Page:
(Washington, D.C.) – Today, U.S. Senator Patty Murray (D-WA) signed on as a co-sponsor of S. 2994, the “Taxpayer Fairness Act,” which would impose a fifty percent tax on excessive bonuses paid by Wall Street banks and other firms that benefited from billions of taxpayer dollars in 2009.
“I’m sick and tired of taxpayers being forced to reach into their pockets to save Wall Street only to watch big banks and CEOs return to a ‘Bonus As Usual’ mentality,” said Senator Patty Murray. “This bill will force Wall Street executives to pay back the taxpayers who never intended for their hard-earned money to be used to pay for huge bonuses for the very people who got our economy into this mess.”
The legislation would apply only to Wall Street institutions that received more than $5 billion from the Troubled Asset Relief Program (TARP) and the Housing and Economic Recovery Act.
The bill would impose a 50% excise tax on the bonuses of employees at these firms that exceed $400,000. Any employee who received a bonus larger than $400,000 – the salary of the President of the United States – would have to pay a 50 percent tax on the portion of the bonus over $400,000.
This is a one-time tax, affecting only bonuses received this year that are based on performance in 2009—a year when these institutions were heavily dependent on government support. In some cases, the federal resources provided ultimately helped prevent their failure. The revenues generated by the tax would be used for deficit reduction.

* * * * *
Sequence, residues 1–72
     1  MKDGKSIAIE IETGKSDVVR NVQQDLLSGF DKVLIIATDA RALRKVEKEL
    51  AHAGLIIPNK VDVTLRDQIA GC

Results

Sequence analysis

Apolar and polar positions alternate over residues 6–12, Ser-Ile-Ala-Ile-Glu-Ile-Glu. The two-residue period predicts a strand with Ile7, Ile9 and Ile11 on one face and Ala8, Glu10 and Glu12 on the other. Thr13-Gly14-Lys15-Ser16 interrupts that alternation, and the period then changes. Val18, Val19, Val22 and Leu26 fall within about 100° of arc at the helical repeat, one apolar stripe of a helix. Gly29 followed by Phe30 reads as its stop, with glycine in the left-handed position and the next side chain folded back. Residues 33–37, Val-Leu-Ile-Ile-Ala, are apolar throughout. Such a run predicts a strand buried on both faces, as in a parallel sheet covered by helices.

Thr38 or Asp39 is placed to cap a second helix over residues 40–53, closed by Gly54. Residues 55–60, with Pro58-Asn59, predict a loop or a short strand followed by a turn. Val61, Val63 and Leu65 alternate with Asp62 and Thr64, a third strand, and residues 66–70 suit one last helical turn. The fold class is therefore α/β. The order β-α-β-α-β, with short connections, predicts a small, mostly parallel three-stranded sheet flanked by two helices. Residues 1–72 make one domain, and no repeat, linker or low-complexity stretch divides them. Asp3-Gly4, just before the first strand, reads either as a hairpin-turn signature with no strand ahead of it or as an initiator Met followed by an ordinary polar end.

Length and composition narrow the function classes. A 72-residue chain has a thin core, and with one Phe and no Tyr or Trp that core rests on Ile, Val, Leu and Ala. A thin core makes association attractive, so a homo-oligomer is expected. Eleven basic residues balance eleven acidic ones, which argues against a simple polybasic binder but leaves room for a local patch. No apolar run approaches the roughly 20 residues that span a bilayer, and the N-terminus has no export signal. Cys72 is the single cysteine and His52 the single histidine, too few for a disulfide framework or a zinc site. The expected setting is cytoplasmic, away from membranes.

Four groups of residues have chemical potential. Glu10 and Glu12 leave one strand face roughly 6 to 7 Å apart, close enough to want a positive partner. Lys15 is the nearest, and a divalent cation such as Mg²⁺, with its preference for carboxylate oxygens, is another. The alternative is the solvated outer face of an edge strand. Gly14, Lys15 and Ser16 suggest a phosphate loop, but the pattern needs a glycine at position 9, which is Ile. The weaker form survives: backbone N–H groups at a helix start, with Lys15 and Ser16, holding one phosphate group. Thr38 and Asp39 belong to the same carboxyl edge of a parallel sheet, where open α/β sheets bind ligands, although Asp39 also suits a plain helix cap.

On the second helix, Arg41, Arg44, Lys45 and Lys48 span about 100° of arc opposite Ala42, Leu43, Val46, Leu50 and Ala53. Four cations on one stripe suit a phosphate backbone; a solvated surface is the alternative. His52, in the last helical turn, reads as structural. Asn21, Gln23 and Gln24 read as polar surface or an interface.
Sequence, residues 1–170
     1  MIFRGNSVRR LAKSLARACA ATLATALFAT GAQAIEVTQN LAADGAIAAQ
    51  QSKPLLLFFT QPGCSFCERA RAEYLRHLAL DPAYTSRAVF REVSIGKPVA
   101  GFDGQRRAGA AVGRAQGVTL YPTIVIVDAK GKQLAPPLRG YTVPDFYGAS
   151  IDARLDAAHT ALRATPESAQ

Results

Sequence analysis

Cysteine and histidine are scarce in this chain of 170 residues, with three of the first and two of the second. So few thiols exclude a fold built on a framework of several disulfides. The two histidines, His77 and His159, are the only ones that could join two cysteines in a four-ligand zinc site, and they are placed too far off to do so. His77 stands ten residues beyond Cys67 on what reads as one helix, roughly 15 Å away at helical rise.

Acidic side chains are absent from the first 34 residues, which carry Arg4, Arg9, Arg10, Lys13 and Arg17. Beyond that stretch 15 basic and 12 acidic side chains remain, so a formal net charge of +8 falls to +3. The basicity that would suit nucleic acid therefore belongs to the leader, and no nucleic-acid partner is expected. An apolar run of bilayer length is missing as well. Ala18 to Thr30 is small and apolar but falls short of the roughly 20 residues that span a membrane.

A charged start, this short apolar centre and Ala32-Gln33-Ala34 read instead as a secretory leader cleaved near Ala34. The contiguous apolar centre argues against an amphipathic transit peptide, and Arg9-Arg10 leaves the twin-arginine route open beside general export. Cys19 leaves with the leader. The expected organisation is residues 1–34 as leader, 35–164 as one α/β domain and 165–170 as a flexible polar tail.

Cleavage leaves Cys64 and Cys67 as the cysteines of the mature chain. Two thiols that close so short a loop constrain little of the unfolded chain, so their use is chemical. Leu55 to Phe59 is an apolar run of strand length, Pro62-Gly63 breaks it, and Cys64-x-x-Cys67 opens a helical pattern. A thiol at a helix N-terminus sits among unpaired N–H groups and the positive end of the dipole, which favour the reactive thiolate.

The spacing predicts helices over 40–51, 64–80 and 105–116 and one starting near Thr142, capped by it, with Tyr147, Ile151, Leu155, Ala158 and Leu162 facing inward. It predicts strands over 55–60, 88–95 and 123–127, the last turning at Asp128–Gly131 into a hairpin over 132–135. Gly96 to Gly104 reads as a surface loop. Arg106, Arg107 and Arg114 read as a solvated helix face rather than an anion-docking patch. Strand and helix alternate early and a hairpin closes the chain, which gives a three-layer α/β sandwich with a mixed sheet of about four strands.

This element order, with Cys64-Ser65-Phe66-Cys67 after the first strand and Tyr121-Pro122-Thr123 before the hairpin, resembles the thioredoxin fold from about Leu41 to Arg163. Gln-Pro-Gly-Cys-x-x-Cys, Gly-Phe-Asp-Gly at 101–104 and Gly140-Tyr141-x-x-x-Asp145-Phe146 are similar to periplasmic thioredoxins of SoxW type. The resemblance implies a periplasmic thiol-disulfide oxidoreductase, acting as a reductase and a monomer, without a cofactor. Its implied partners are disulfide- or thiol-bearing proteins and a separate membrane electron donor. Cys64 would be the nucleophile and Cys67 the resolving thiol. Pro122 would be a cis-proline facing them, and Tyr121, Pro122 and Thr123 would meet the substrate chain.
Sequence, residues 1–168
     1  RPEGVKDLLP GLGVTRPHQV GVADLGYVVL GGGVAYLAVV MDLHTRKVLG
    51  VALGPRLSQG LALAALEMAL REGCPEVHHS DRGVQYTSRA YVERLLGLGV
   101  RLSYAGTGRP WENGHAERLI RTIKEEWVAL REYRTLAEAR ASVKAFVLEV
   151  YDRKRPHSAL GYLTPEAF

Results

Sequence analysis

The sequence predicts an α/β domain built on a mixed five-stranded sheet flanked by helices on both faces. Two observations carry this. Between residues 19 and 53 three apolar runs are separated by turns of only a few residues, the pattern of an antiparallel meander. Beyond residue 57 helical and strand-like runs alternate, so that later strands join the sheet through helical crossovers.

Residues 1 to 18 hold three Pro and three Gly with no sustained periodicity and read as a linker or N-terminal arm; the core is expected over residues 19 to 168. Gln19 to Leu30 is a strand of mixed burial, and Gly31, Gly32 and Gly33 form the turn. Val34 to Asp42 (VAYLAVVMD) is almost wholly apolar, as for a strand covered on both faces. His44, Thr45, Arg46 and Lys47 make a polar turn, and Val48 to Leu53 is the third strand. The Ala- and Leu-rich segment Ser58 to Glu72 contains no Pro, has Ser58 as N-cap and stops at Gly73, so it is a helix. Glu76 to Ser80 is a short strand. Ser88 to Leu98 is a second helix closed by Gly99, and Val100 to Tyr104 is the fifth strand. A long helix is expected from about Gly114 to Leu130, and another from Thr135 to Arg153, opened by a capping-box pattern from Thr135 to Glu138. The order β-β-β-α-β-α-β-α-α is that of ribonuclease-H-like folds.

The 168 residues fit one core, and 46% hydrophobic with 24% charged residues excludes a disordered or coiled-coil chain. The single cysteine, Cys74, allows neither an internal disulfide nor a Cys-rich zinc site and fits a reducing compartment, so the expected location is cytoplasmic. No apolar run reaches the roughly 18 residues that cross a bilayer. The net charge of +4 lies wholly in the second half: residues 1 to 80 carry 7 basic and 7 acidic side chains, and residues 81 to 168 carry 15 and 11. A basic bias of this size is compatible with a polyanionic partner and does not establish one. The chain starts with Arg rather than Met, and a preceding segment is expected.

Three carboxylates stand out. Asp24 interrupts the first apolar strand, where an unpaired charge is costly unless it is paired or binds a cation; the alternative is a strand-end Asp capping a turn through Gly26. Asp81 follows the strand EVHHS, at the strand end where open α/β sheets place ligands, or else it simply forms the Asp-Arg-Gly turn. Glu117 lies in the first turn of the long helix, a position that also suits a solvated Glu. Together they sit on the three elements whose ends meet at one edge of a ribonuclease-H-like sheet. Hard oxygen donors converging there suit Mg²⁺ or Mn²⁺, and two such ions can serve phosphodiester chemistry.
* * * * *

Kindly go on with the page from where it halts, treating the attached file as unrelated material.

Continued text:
In 2008 and 2009, the financial sector received unprecedented aid from taxpayers. In addition to the $700 billion TARP, there were 50 separate Federal programs offering $23 trillion in loans, grants, or asset guarantees to the financial sector, according to the nonpartisan Special Inspector General for the TARP (SIGTARP.)
News reports this week indicate that Wall Street firms that benefited from taxpayer support plan to pay significant bonuses this year– including $4.4 billion in bonuses at Bank of America’s investment banking unit and $100 million in bonuses at AIG.